On May 13, 2016, WCS filed a motion for summary judgment in the instant case, arguing that on the undisputed material facts it was entitled to judgment on all of National Surety's claims as a matter of law because Metropolitan had waived its subrogation rights in the Prime Contract. By separate motion for summary judgment, it argued that it was entitled to summary judgment based upon Metropolitan's waiver of loss of use damages in that contract. Also, between May 13 and 16, 2016, the four subcontractor appellees moved for summary judgment on various bases not pertinent to the issues on appeal. They each subsequently supplemented their motions to adopt WCS's argument that National Surety's claims were barred by the waiver of subrogation. Ramsey and Mid-Atlantic also adopted the arguments from WCS's motion for summary judgment based upon the waiver of loss of use damages.

         In its opposition to the motions, National Surety argued that the subrogation waiver in the Prime Contract no longer was operative, for either of two reasons. First, the Settlement Agreement had extinguished the waiver by modification. Second, and alternatively, the Settlement Agreement was a substitute contract that discharged all prior rights and obligations under the Prime Contract, including the waiver of subrogation. National Surety maintained that to the extent the Settlement Agreement did not unambiguously extinguish or discharge the waiver of subrogation, its effect on that waiver provision was an issue of fact that was not susceptible of decision on summary judgment.[5] National Surety made the same argument regarding the loss of use damages waiver in the Prime Contract.

         On August 26, 2016, the court heard argument on the motions for summary judgment. It ruled that the parties to the Settlement Agreement intended that it modify the Prime Contract but not that it be a "complete substitute" for the Prime Contract, and that the waivers of subrogation and loss of use damages in the Prime Contract were not extinguished by that modification. It determined that the waivers were binding on National Surety, as Metropolitan's subrogee, and barred its claims against WCS and against Marside, Ramsey, and Mid-Atlantic.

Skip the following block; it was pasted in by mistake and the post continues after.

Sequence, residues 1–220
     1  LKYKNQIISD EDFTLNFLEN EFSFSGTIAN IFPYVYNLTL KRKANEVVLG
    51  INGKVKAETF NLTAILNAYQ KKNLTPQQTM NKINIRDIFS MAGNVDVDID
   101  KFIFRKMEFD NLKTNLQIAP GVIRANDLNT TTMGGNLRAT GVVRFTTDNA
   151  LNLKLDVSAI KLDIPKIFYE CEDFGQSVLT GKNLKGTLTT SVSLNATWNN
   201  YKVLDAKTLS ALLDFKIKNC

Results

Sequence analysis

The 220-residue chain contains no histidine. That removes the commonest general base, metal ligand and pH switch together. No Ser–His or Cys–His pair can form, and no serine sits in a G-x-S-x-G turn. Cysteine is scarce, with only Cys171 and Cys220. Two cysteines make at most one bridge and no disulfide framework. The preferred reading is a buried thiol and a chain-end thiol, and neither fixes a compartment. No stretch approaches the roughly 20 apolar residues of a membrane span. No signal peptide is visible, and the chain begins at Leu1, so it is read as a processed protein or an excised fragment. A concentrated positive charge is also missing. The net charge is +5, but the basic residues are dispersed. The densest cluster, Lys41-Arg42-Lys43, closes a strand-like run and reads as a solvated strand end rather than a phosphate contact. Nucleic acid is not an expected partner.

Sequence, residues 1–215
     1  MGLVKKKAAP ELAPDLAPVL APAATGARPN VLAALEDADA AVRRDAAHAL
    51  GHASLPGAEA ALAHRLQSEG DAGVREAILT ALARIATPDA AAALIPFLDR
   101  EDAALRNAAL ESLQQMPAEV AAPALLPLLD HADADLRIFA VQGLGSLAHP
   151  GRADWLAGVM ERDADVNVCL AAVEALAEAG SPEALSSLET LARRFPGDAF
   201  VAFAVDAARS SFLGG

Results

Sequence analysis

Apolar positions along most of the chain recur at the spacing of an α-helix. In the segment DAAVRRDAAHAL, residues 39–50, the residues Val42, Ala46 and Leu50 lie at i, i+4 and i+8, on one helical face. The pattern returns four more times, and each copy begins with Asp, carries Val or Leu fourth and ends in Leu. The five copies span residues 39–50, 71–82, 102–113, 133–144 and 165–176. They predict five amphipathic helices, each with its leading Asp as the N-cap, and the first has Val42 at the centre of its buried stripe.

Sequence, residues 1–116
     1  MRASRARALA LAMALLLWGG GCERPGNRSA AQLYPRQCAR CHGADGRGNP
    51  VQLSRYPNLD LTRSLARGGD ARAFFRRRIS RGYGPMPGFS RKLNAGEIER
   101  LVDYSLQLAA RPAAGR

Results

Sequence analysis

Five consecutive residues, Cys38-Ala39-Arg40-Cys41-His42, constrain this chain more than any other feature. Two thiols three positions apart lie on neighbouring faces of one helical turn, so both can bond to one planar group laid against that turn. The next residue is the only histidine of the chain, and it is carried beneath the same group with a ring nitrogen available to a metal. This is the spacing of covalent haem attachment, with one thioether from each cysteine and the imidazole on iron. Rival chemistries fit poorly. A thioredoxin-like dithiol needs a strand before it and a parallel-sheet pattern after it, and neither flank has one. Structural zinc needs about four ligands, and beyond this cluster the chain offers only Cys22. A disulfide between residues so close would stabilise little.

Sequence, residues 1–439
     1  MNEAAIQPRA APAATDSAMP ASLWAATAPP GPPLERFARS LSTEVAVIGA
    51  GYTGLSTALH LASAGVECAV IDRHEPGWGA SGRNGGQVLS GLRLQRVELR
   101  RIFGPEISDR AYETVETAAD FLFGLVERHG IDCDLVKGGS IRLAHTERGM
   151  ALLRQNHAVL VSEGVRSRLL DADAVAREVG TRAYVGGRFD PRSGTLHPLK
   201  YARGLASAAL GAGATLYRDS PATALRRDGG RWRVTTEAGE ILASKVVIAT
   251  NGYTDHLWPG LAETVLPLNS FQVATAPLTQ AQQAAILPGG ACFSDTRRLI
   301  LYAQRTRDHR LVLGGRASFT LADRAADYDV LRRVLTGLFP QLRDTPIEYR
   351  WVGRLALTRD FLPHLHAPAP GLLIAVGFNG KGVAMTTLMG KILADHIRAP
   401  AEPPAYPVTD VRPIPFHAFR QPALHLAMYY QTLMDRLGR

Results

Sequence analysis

On September 19, 2016, the court granted summary judgment in favor of subcontractor K&C and against National Surety for the "reasons stated in open Court on August 26, 2016, [and at a subsequent hearing on] September 2, 2016."

         This timely appeal followed.

         STANDARD OF REVIEW

         Our standard of review on appeal from the grant of summary judgment is well-established:

An appellate court reviewing a summary judgment examines the same information from the record and determines the same issues of law as the trial court. PaineWebber Inc. v. East, 363 Md. 408, 413, 768 A.2d 1029, 1032 (2001) (citation omitted) . . . . We recently reiterated the standard of review for a trial court's grant or denial of a motion for summary judgment in Myers v. Kayhoe, 391 Md. 188, 892 A.2d 520 (2006):
The question of whether a trial court's grant of summary judgment was proper is a question of law subject to de novo review on appeal. Livesay v. Baltimore, 384 Md. 1, 9, 862 A.2d 33, 38 (2004). In reviewing a grant of summary judgment under Md. Rule 2-501, we independently review the record to determine whether the parties properly generated a dispute of material fact and, if not, whether the moving party is entitled to judgment as a matter of law. Id. at 9-10, 862 A.2d at 38. We review the record in the light most favorable to the nonmoving party and construe any reasonable inferences that may be drawn from the facts against the moving party. Id. at 10, 862 A.2d at 38.
[Myers] at 203, 892 A.2d at 529.

United Servs. Auto. Ass'n v. Riley, 393 Md. 55, 67 (2006). Thus, we review the circuit court's grant of summary judgment in favor of WCS and the subcontractor appellees on National Surety's claims de novo.

         DISCUSSION

         Pertinent Documents

         Before addressing the questions presented, we shall review the relevant terms of the Prime Contract and the Settlement Agreement, as they are central to all the issues.

         Prime Contract

         The Prime Contract consisted of two main documents: 1) "AIA Document A131 CMc-2003 and AGC Document 566, Standard Form Agreement Between Owner and Construction Manager" ("the A131 Document"); and 2) "AIA Document A201-1997, General Conditions of the Contract for Construction" ("the General Conditions").

         The A131 Document identified Metropolitan as the "Owner" and WCS as the "Construction Manager" and spelled out WCS's responsibilities in taking over from Global; its compensation; its reimbursement for costs; and other matters. As pertinent, it required that, during the construction phase of the Project, Metropolitan "purchase and maintain liability and property insurance, including waivers of subrogation, as set forth" in the General Conditions.[6] § 8.2. It stated that, during the construction phase of the project, "[c]laims, disputes or other matters in question between the parties" shall be resolved as provided in sections 4.3 through 4.6 of the General Conditions, and that "[c]laims arising out of or relating to the [Prime] Contract shall be decided by Arbitration . . . ." § 9.1.

         In the General Conditions, Metropolitan was identified as the "Owner" and WCS was identified as the "Contractor." Section 1.1.1, "The Contract Documents, " described all the documents making up the Prime Contract, including "Modifications issued after execution of the [Prime] Contract." As pertinent, a "Modification" is defined as "a written amendment to the [Prime] Contract signed by both parties[.]" Section 1.1.2, entitled "The Contract, " stated that "[t]he [Prime] ...